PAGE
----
One step forward, two steps back. That’s the curent situation leading to a global cacophony on the Three-strikes issue.
Under the pressure of (among others) an EU parliament resolution (633 favorable votes, 13 against and 16 abstensions) to open the secret negotiations on the ACTA treaty, the text of a public draft was released April 21, 2010. Unfortunately the document doesn’t reflect individual countries positions (refering to square bracketed options in the texte). Interestingly, the April 16 press release following the Wellington 8th round ACTA negotiations explicitely mentions no governement will mandate a “gaduated response” or “three-strikes”:
” […] While the participants recognise the importance of responding effectively to the challenge of Internet piracy, they confirmed that no participant is proposing to require governments to mandate a ‘graduated response’ or ‘three strikes’ approach to copyright infringement on the Internet. […] ”
While this is good news in one sense, I cannot refrain from juxtaposing it to the growing body of countries enacting laws and ruling exactly in the opposit direction. In addition to France (HADOPI) we now have Great Britain who has rushed its Digital Economy Bill receiving royal assent (podcast here). Recently, Ireland has ruled in favor of such approaches dismissing concerns of the Irish Data Protection Commissioner.
My point here is simple: this whole issue is going nowhere! Given the amount of controversy and the conflicting approaches and interests, it should be a clear sign that the legal Three-strikes approach is doomed no matter how it’s put. Internet access is globally recognized as a public good and as such its access is becoming a fundamental right. Whatever laws are or might be enacted in this direction are bound to be technically innapplicable. Last but not least, such laws being essentially territorial will innevitably lead to offshoring services in countries not having similar provisions or simply put in the cloud providing the services through encrypted channels.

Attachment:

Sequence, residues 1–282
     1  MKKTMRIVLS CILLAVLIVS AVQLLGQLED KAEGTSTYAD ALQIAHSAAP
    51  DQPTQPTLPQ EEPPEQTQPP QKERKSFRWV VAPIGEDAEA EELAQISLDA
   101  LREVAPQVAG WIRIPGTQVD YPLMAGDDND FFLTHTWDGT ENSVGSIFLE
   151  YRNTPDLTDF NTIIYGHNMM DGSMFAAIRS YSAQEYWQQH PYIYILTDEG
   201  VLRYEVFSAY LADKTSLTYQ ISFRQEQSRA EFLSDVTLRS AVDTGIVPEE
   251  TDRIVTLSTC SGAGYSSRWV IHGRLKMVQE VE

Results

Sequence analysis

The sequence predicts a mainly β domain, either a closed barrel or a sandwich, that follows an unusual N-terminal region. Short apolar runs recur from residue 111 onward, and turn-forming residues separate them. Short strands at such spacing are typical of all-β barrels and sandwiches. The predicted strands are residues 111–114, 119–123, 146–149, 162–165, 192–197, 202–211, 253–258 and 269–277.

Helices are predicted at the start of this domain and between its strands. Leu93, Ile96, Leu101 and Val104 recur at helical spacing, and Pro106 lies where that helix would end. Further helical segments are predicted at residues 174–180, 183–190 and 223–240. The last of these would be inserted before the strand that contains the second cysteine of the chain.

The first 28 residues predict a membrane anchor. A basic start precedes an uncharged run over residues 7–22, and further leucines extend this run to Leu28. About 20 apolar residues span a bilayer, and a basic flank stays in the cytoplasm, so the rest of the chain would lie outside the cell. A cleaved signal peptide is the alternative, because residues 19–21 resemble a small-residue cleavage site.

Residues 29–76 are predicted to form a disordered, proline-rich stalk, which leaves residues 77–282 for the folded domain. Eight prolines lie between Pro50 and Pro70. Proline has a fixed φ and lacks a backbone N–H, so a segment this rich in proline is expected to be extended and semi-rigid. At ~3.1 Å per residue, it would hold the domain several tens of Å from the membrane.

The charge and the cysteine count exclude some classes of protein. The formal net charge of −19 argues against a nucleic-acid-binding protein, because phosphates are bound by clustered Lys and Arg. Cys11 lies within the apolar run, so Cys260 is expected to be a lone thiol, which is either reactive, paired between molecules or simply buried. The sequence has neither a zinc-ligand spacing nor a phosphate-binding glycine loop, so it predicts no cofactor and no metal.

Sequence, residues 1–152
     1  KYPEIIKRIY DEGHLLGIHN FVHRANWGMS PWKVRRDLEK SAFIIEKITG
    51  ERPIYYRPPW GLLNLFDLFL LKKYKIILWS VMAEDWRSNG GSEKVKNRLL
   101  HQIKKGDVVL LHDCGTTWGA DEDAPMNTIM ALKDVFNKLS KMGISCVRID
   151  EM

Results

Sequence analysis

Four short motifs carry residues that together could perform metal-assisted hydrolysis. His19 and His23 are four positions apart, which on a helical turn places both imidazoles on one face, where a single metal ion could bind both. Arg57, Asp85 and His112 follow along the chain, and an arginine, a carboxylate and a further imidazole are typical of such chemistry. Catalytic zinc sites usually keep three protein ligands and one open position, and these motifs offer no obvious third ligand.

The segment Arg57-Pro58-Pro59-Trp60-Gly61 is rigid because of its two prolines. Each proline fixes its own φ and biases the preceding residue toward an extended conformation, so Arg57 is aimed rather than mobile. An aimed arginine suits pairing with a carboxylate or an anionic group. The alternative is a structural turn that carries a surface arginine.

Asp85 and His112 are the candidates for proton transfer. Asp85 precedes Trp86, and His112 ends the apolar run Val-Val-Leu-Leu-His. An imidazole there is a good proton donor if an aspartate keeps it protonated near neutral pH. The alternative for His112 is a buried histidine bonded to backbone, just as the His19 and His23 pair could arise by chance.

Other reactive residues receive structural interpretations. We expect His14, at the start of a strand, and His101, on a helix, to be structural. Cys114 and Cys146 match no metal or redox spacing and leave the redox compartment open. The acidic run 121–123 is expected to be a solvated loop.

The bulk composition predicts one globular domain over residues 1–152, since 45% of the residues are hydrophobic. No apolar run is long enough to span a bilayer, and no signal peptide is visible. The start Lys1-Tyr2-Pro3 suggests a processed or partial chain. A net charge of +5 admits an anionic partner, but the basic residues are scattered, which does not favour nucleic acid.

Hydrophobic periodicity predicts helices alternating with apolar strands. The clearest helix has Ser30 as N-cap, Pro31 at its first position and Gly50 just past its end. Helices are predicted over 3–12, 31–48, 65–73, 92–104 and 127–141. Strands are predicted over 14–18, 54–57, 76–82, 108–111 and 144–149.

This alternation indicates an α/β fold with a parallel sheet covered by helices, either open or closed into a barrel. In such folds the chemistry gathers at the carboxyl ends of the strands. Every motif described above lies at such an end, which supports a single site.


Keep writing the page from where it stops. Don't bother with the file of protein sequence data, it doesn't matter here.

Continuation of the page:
So how do we move forward in a sustainable way ? Education to have people (kids and adults alike) understand that digital doesn’t necessarly mean free. If something has value for someone it’s probably because it’s creator is trying to make a living out of it and therefore deserves some form of compensation or credit. New business models making piracy not worth the effort over legit alternatives. And a bit of technology to get rid of the deceptive user experience thus reinstating the user in his role and rights. By all means : Deceptive laws won’t do the job! We need to pull ourselves together and have a real public debat about this, including in the loop espeially the Users AND public policies as a guiding framework for the greater good.